about 2 teaspoons (about 0.5 ounces, 16 grams) cornmeal for sprinkling

and so it begins...

Make the sponge: Combine sponge ingredients in a large or mixer bowl and whisk until very smooth, to intentionally incorporate air — this will yield a thick batter. Set it aside.

Make the flour mixture and cover the sponge: In a separate large bowl, whisk together the flour mixture and gently scoop it over the sponge to cover it completely. Cover the bowl tightly with plastic wrap and allow it to ferment for 1 to 4 hours at room temperature. (The sponge will bubble through the flour mixture in places.)

Mix the dough [Either with a mixer – I used the mixer version] Add the oil and mix with the dough hook on low-speed for about 1 minute, until the flour is moistened enough to form a rough dough. then raise the speed to medium and mix it for 10 minutes. The dough should be very smooth and elastic, and it should jump back when pressed with a fingertip; if it is sticky, turn it out on a counter and knead in a little extra flour.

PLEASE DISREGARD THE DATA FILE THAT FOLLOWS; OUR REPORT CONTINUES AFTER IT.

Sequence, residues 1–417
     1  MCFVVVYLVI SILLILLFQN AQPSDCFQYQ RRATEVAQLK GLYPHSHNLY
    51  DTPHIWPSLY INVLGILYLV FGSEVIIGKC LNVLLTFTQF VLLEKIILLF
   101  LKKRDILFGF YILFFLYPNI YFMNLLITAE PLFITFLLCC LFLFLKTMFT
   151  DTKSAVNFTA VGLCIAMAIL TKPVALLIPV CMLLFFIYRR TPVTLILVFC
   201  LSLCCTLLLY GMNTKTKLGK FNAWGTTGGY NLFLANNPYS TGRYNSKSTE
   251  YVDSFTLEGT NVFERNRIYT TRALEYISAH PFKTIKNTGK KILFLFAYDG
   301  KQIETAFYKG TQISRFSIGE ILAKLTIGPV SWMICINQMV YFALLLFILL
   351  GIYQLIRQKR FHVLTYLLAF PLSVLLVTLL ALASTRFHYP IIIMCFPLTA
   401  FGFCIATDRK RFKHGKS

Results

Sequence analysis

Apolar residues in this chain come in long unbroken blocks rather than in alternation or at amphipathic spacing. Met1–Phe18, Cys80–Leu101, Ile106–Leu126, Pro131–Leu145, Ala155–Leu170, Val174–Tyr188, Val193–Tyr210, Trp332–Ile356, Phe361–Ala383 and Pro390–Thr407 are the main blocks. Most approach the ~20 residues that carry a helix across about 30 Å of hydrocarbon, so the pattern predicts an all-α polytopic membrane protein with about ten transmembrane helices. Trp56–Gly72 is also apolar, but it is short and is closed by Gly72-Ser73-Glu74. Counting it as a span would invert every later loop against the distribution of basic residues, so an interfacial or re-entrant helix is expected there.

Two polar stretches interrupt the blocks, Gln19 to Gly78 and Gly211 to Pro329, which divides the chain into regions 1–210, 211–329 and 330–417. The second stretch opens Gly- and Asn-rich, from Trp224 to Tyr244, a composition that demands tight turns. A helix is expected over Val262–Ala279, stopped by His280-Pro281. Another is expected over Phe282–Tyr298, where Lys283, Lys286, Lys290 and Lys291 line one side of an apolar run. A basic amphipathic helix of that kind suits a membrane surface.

dough mixing

[Or by hand] Add the oil and, with a wooden spoon or your hand, stir until the flour is moistened. Knead the dough in the bowl until it comes together, then scrape it onto a very lightly floured counter. Knead the dough for 5 minutes, after which it might be a little sticky. Cover it with the inverted bowl and allow it to rest for 20 minutes. (Resting the dough makes it less sticky and magically easier to work with. Trust me.) Knead the dough for another 5 to 10 minutes or until it is very smooth and elastic and your upper arms are strapless gown-ready.

dough rising

Let the dough rise: Place the dough in a large container or bowl, lightly oiled. Oil the top of the dough as well. Allow the dough to rise until doubled, 1 1/2 to 2 hours. Flip the bowl over and let the dough fall out on to a lightly floured counter, press it down gently, fold or form it back into a square-ish ball and allow it to rise a second time, back in the (re-oiled) bowl covered with plastic wrap for about 45 minutes.